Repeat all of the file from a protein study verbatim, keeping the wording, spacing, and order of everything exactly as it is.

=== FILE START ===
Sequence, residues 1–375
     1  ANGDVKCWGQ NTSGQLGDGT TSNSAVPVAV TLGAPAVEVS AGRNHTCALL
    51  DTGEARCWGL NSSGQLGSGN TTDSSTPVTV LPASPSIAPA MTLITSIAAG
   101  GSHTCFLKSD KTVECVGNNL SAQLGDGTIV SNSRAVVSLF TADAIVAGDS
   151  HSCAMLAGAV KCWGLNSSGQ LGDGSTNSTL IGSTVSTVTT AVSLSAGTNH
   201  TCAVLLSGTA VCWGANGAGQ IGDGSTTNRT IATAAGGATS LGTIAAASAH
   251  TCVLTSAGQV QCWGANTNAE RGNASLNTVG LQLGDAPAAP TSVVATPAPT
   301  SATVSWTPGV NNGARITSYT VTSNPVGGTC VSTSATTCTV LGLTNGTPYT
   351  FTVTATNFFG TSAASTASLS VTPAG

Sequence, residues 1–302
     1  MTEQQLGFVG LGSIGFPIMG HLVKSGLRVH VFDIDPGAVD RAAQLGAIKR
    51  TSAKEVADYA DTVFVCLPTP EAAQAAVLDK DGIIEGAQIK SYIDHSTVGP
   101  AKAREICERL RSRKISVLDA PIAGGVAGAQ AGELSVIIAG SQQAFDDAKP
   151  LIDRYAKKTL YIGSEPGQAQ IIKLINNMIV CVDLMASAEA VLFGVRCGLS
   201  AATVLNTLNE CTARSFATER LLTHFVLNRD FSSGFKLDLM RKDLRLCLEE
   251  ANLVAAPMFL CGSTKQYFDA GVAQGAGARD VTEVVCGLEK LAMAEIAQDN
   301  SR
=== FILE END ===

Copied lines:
Sequence, residues 1–375
     1  ANGDVKCWGQ NTSGQLGDGT TSNSAVPVAV TLGAPAVEVS AGRNHTCALL
    51  DTGEARCWGL NSSGQLGSGN TTDSSTPVTV LPASPSIAPA MTLITSIAAG
   101  GSHTCFLKSD KTVECVGNNL SAQLGDGTIV SNSRAVVSLF TADAIVAGDS
   151  HSCAMLAGAV KCWGLNSSGQ LGDGSTNSTL IGSTVSTVTT AVSLSAGTNH
   201  TCAVLLSGTA VCWGANGAGQ IGDGSTTNRT IATAAGGATS LGTIAAASAH
   251  TCVLTSAGQV QCWGANTNAE RGNASLNTVG LQLGDAPAAP TSVVATPAPT
   301  SATVSWTPGV NNGARITSYT VTSNPVGGTC VSTSATTCTV LGLTNGTPYT
   351  FTVTATNFFG TSAASTASLS VTPAG

Sequence, residues 1–302
     1  MTEQQLGFVG LGSIGFPIMG HLVKSGLRVH VFDIDPGAVD RAAQLGAIKR
    51  TSAKEVADYA DTVFVCLPTP EAAQAAVLDK DGIIEGAQIK SYIDHSTVGP
   101  AKAREICERL RSRKISVLDA PIAGGVAGAQ AGELSVIIAG SQQAFDDAKP
   151  LIDRYAKKTL YIGSEPGQAQ IIKLINNMIV CVDLMASAEA VLFGVRCGLS
   201  AATVLNTLNE CTARSFATER LLTHFVLNRD FSSGFKLDLM RKDLRLCLEE
   251  ANLVAAPMFL CGSTKQYFDA GVAQGAGARD VTEVVCGLEK LAMAEIAQDN
   301  SR